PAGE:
Korea's MMAA divests Kumho Tire stake

Military Aid Association sells out of Kumho Tire.

Korea's Military Mutual Aid Association (MMAA) divested its remaining 15% stake in Kumho Tire on Friday, raising $158 million from the sale of 10 million shares.

The JPMorgan-led deal followed a placement one-day earlier involving parent Kumho Industrial. This saw the latter re-purchase a 10% stake from MMAA under the terms of a call option embedded in Kumho Tire's dual listing earlier this year on the London and Seoul stock exchanges.

The two secondary sales mark end to MMAA's two-year investment in Kumho Tire, with Kumho Industrial now becoming the major shareholder again. The exercise of the call option (at a strike price of roughly Won13,500 compared to an IPO price of Won14,650) sees it climb from a 21% to 31% stake.

Friday's public placement has expanded the freefloat from 29% to 44% and represents 30 days trading. It has also removed a major overhang from the stock, although a further 14% is still held by former creditors, who are likely to want to cash out at some point soon.

The IPO lock-up expired in mid-August. The remaining 11% of the company's equity is held by US tire manufacturer, Cooper Tire, which took a strategic stake at IPO.

The placement was marketed at Won16,000 to Won16,200 per share - a 4.2% to 3% discount to the stock's Won16,700 close on Friday. After a three-hour bookbuild, the deal was priced at Won16,200 per share, although books were left open until New York began trading.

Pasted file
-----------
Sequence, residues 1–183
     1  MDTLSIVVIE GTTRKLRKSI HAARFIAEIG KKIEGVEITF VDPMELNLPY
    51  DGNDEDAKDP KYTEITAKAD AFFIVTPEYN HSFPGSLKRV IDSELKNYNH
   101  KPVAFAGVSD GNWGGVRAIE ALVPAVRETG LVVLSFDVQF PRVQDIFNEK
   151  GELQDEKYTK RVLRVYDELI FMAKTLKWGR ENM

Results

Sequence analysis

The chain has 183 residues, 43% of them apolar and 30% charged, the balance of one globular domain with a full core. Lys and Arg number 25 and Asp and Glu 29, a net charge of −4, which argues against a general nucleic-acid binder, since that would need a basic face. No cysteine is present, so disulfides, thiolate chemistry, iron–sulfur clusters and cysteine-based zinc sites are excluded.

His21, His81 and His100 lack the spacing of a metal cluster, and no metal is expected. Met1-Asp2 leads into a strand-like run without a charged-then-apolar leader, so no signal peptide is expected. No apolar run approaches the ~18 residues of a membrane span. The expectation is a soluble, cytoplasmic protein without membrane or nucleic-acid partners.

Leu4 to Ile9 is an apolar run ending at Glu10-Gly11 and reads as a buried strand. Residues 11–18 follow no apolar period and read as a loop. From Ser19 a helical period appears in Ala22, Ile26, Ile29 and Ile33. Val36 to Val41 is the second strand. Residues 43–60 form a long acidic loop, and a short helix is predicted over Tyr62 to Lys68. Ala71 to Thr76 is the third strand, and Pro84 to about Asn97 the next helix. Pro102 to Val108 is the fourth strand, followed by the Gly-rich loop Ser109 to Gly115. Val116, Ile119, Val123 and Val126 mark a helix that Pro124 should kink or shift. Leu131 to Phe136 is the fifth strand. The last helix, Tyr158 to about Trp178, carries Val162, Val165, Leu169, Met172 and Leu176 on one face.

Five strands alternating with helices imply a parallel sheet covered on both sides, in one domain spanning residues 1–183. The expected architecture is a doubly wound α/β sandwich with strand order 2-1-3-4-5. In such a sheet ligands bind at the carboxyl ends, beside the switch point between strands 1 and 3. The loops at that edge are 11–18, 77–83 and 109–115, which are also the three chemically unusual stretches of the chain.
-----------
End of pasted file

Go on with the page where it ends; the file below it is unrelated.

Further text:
The final order book is said to have closed just over three times covered with participation from about 50 accounts, of which roughly one third were from Korea and the rest international.

Observers report a number of large orders including one for one third of the deal. "It's quite difficult to allocate Asian deals these days," says one specialist. "Order sizes have definitely trended much higher relative to deal size over the past few years."

At Won16,700, Kumho Tire is currently trading at about 8.5 times 2005 earnings and has risen roughly 13.5% since its IPO at the beginning of February. As such it has underperformed the Korean market, which has risen roughly 30% since then.

"A number of investors viewed this as a catch-up trade," adds the specialist.

Kumho Tire's main benchmark is fellow Korean tire manufacturer Hankook Tire, which is currently trading at about 9.5 times 2005 earnings and has risen 12% since Kumho priced.

In both cases analysts have buy recommendations on the stock. Historically, Hankook has averaged a P/E ratio of 11.6 times earnings and in recent years has peaked around the 14 times level.

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